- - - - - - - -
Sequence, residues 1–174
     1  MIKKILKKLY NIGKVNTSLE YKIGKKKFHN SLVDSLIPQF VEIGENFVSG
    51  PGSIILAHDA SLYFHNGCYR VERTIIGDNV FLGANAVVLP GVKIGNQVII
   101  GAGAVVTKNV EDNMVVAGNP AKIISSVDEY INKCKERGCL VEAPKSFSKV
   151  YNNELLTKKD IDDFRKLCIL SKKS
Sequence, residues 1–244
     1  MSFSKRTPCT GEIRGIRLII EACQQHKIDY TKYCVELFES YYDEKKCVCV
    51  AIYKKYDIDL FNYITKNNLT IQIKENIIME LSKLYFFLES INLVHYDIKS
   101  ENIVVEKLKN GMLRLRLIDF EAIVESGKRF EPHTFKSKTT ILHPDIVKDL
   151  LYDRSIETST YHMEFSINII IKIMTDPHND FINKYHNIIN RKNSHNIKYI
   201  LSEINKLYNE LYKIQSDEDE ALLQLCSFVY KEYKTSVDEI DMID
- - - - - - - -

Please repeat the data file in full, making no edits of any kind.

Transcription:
Sequence, residues 1–174
     1  MIKKILKKLY NIGKVNTSLE YKIGKKKFHN SLVDSLIPQF VEIGENFVSG
    51  PGSIILAHDA SLYFHNGCYR VERTIIGDNV FLGANAVVLP GVKIGNQVII
   101  GAGAVVTKNV EDNMVVAGNP AKIISSVDEY INKCKERGCL VEAPKSFSKV
   151  YNNELLTKKD IDDFRKLCIL SKKS
Sequence, residues 1–244
     1  MSFSKRTPCT GEIRGIRLII EACQQHKIDY TKYCVELFES YYDEKKCVCV
    51  AIYKKYDIDL FNYITKNNLT IQIKENIIME LSKLYFFLES INLVHYDIKS
   101  ENIVVEKLKN GMLRLRLIDF EAIVESGKRF EPHTFKSKTT ILHPDIVKDL
   151  LYDRSIETST YHMEFSINII IKIMTDPHND FINKYHNIIN RKNSHNIKYI
   201  LSEINKLYNE LYKIQSDEDE ALLQLCSFVY KEYKTSVDEI DMID